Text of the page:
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Prosecutor requesting life without parole for 3 defendants in Indianapolis explosion

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Marion County Prosecutor Terry Curry has decided to request life sentences without parole, instead of the death penalty, for the three defendants charged in the Richmond Hill subdivision explosion.

The defendants, Mark Leonard, Monserrate Shirley and Bob Leonard Jr., have been charged with two counts of murder in the deaths of John and Jennifer Longworth in connection with the explosion that occurred on Nov. 10, 2012, in the Richmond Hill subdivision on the south side of Indianapolis.

Investigators allege that the three defendants purposefully rigged Shirley’s residence at 8349 Fieldfare Way to fill with natural gas then explode and burn in order to collect insurance money. However, the house ignited a massive explosion and the resulting fire spread to the Longworths’ home next door causing their deaths.

Curry said the decision to request life rather than capital punishment was made after thoughtful consideration.

“The intentional acts of the defendants, as alleged, were undertaken with no regard whatsoever to the tragic consequences which did in fact flow from a scheme to blow up the Shirley residence,” the prosecutor stated in a press release. “Those alleged acts, if proven, thus justify that the defendants spend life in prison with no option for parole.”

In the state’s request for life sentence without parole, the alleged aggravating circumstances are that the murders were committed by the unlawful detonation of an explosive device, that there were multiple deaths, and that John Longworth died as a result of direct contact with the fire.

In addition to murder, the three defendants are charged with one count of conspiracy to commit arson, a Class A felony; 12 counts of arson, a Class A felony; and 33 counts of arson, a Class B felony.

Mark Leonard and Shirley are each charged with an additional count of conspiracy to commit arson, a Class B felony.

The state is also moving to add an additional count of arson, a Class B felony, against all three defendants for damage to houses in the Richmond Hill subdivision which do not require demolition. Further, the state is moving to add an additional charge of insurance fraud, a Class C felony, against Shirley and an additional charge of conspiracy to commit insurance fraud, a Class C felony, against Shirley and Mark Leonard.

The defendants are scheduled to appear in court for a pre-trial conference at 10 a.m. Feb. 21.

 

 

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  1. I gave tempparry guardship to a friend of my granddaughter in 2012. I went to prison. I had custody. My daughter went to prison to. We are out. My daughter gave me custody but can get her back. She was not order to give me custody . but now we want granddaughter back from friend. She's 14 now. What rights do we have

  2. This sure is not what most who value good governance consider the Rule of Law to entail: "In a letter dated March 2, which Brizzi forwarded to IBJ, the commission dismissed the grievance “on grounds that there is not reasonable cause to believe that you are guilty of misconduct.”" Yet two month later reasonable cause does exist? (Or is the commission forging ahead, the need for reasonable belief be damned? -- A seeming violation of the Rules of Profession Ethics on the part of the commission) Could the rule of law theory cause one to believe that an explanation is in order? Could it be that Hoosier attorneys live under Imperial Law (which is also a t-word that rhymes with infamy) in which the Platonic guardians can do no wrong and never owe the plebeian class any explanation for their powerful actions. (Might makes it right?) Could this be a case of politics directing the commission, as celebrated IU Mauer Professor (the late) Patrick Baude warned was happening 20 years ago in his controversial (whisteblowing) ethics lecture on a quite similar topic: http://www.repository.law.indiana.edu/cgi/viewcontent.cgi?article=1498&context=ilj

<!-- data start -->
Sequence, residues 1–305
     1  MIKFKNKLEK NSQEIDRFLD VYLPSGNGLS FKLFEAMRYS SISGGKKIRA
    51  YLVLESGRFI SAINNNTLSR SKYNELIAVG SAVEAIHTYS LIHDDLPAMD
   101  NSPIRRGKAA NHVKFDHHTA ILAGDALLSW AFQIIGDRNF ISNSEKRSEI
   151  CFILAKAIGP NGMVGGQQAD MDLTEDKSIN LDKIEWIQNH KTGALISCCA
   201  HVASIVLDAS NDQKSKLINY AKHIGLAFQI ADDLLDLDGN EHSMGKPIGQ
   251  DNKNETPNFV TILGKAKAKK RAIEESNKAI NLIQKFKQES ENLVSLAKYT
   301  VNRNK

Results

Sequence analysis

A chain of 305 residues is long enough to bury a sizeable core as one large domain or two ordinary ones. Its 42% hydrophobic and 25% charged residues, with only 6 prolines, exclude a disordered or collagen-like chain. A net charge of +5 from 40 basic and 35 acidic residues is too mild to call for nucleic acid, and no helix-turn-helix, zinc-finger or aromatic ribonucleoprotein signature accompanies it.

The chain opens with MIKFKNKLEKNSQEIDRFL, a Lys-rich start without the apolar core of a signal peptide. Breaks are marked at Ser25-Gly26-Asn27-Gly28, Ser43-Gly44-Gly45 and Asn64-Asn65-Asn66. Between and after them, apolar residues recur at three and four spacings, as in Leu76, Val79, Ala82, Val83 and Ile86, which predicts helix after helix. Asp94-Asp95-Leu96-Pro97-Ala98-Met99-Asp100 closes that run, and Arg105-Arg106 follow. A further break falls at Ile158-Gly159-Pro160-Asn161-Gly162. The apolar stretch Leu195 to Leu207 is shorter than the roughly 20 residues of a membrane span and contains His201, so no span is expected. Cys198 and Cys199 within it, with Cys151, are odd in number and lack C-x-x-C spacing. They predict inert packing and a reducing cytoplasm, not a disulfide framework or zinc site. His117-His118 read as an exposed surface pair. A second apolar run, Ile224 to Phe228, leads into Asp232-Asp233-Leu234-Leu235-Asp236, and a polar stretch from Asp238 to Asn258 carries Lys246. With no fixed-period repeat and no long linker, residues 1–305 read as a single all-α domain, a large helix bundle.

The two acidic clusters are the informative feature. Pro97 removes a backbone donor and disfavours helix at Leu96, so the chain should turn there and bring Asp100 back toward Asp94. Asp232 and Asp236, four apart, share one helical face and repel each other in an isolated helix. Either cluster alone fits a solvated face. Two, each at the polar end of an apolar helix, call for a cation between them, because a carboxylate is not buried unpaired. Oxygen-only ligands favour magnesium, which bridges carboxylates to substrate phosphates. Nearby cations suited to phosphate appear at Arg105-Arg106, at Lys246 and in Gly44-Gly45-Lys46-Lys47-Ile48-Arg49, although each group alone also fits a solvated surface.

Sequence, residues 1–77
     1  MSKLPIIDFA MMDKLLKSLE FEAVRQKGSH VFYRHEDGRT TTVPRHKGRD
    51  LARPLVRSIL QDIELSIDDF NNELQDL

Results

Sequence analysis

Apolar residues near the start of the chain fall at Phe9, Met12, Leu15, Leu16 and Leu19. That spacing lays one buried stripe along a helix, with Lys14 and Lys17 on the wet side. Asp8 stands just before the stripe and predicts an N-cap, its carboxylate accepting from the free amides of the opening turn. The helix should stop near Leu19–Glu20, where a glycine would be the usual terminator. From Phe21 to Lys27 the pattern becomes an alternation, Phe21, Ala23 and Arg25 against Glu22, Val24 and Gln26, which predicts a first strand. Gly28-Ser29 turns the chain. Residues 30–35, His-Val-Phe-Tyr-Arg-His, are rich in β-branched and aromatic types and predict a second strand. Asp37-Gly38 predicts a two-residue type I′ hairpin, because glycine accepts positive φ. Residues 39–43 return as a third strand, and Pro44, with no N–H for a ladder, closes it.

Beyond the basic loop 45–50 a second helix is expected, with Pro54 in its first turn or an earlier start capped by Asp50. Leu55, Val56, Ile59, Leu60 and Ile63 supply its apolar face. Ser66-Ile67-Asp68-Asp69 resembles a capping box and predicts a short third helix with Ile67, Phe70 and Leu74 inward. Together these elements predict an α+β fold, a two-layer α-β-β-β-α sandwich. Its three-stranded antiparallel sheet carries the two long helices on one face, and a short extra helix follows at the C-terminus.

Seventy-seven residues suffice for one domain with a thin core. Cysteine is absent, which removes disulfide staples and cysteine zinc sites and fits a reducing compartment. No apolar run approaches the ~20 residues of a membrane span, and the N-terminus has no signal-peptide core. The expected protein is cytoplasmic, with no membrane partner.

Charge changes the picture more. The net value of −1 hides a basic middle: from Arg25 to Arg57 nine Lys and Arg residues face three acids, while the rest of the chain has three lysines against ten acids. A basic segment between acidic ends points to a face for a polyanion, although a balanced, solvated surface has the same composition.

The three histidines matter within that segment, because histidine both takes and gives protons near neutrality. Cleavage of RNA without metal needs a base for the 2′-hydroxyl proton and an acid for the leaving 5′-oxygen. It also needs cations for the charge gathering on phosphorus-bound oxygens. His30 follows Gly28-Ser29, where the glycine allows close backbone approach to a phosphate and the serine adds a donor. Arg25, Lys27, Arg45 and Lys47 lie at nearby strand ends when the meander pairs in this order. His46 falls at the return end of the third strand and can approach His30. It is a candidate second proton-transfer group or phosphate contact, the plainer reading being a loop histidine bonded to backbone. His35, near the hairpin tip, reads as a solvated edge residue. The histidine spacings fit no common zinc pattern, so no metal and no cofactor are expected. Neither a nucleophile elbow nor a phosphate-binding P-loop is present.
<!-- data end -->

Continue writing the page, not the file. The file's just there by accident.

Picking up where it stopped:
3. I have a case presently pending cert review before the SCOTUS that reveals just how Indiana regulates the bar. I have been denied licensure for life for holding the wrong views and questioning the grand inquisitors as to their duties as to state and federal constitutional due process. True story: https://www.scribd.com/doc/299040839/2016Petitionforcert-to-SCOTUS Shorter, Amici brief serving to frame issue as misuse of govt licensure: https://www.scribd.com/doc/312841269/Thomas-More-Society-Amicus-Brown-v-Ind-Bd-of-Law-Examiners

  4. Here's an idea...how about we MORE heavily regulate the law schools to reduce the surplus of graduates, driving starting salaries up for those new grads, so that we can all pay our insane amount of student loans off in a reasonable amount of time and then be able to afford to do pro bono & low-fee work? I've got friends in other industries, radiology for example, and their schools accept a very limited number of students so there will never be a glut of new grads and everyone's pay stays high. For example, my radiologist friend's school accepted just six new students per year.

  5. I totally agree with John Smith.

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